Profiles of expressed mutations in single cells reveal subclonal expansion patterns and therapeutic impact of intratumor heterogeneity

Research output: Other contribution


Advances in single-cell RNA sequencing (scRNAseq) technologies uncovered an unexpected complexity in tumors, underlining the relevance of intratumor heterogeneity to cancer progression and therapeutic resistance. Heterogeneity in the mutational composition of cancer cells is a result of distinct (sub)clonal expansions, each with a distinct metastatic potential and resistance to specific treatments. Unfortunately, due to their low read coverage per cell, scRNAseq datasets are too sparse and noisy to be used for detecting expressed mutations in single cells. Additionally, the large number of cells and mutations present in typical scRNAseq datasets are too large for available computational tools to, e.g., infer distinct subclones, lineages or trajectories in a tumor. Finally, there are no principled methods to assess distinct subclones inferred through single-cell sequencing data and the genomic alterations that seed and potentially cause them. Here we present Trisicell, a computational toolkit for scalable mutational intratumor heterogeneity inference and assessment from scRNAseq as well as single-cell genome or exome sequencing data. Trisicell allows reliable identification of distinct clonal lineages of a tumor, offering the ability to focus on the most important subclones and the genomic alterations that are associated with tumor proliferation. We comprehensively assessed Trisicell on a melanoma model by comparing distinct lineages and subclones it identifies on scRNAseq data, to those inferred using matching bulk whole exome (bWES) and transcriptome (bWTS) sequencing data from clonal sublines derived from single cells. Our results demonstrate that distinct lineages and subclones of a tumor can be reliably inferred and evaluated based on mutation calls from scRNAseq data through the use of Trisicell. Additionally, they reveal a strong correlation between aggressiveness and mutational composition, both across the inferred subclones, and among human melanomas. We also applied Trisicell to infer and evaluate distinct subclonal expansion patterns of the same mouse melanoma model after treatment with immune checkpoint blockade (ICB). After integratively analyzing our cell-specific mutation calls with their expression profiles, we observed that each subclone with a distinct set of novel somatic mutations is strongly associated with a specific developmental status. Moreover, each subclone had developed a unique ICB-resistance mechanism. These results demonstrate that Trisicell can robustly utilize scRNAseq data to delineate intratumor heterogeneity and help understand biological mechanisms underlying tumor progression and resistance to therapy.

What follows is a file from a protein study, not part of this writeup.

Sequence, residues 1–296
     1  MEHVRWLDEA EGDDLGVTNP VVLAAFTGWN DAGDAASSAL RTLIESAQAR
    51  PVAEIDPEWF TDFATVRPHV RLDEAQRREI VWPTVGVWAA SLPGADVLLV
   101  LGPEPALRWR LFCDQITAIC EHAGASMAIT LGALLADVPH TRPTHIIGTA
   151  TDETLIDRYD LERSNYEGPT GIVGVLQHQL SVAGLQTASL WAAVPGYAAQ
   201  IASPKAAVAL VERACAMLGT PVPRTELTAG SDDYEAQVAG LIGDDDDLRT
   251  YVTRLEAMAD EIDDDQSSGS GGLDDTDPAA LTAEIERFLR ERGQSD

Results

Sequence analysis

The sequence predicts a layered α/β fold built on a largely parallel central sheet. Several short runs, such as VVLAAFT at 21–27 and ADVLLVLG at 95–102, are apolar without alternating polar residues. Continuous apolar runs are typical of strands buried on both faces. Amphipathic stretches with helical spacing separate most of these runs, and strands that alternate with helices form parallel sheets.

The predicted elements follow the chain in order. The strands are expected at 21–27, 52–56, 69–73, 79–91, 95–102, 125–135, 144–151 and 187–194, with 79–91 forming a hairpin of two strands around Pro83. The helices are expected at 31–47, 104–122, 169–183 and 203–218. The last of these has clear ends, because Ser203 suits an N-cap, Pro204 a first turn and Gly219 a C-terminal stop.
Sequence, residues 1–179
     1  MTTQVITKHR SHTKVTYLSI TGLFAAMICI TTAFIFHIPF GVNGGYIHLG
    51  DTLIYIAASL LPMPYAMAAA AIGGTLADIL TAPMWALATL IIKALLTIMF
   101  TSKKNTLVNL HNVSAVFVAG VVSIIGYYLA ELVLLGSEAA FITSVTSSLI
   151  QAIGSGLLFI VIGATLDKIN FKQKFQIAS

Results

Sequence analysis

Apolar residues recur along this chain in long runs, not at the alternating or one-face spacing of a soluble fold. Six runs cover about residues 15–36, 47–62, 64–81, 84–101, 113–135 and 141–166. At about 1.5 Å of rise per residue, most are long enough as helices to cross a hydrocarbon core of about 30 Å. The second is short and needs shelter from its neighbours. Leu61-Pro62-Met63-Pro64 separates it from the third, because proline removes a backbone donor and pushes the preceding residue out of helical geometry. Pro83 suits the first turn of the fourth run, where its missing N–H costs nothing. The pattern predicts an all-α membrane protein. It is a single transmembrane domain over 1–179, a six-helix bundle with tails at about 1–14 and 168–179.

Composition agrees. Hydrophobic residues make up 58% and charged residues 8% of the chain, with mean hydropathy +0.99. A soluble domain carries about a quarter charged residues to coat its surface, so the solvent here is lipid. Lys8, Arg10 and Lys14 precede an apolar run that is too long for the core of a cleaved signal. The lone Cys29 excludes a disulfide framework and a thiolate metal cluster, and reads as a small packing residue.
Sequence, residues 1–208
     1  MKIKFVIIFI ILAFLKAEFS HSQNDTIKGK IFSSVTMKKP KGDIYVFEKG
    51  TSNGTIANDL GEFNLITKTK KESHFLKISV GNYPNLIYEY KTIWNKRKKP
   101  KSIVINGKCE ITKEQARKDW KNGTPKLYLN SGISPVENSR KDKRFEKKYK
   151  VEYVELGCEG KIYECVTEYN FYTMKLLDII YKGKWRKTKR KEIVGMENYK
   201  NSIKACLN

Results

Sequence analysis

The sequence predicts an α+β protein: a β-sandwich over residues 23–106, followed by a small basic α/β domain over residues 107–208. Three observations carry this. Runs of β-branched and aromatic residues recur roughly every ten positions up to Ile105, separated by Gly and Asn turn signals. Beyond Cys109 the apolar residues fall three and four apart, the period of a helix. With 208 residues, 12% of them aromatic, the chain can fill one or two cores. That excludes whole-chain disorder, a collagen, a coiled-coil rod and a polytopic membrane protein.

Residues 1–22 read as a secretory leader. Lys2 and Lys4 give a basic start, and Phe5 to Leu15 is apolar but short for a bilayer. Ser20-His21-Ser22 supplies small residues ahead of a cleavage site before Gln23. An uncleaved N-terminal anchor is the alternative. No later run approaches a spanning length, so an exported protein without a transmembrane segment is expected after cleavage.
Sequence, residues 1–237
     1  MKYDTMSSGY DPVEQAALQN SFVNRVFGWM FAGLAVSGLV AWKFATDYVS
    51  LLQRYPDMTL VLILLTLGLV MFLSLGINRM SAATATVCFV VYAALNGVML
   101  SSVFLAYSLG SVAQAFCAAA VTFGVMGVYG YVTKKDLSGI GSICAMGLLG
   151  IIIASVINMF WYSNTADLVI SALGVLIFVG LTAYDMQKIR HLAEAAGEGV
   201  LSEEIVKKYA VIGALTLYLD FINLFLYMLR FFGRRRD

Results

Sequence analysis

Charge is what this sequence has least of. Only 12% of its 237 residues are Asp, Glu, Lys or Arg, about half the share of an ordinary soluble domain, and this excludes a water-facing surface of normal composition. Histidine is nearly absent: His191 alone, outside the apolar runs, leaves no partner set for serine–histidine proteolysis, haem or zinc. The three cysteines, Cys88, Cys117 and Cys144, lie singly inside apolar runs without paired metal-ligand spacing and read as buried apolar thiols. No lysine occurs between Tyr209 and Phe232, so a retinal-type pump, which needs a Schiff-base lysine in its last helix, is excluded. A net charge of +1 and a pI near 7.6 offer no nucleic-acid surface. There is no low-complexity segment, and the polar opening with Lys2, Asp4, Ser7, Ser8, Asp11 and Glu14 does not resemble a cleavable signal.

Original languageUndefined
Publication statusPublished - 28 Mar 2021

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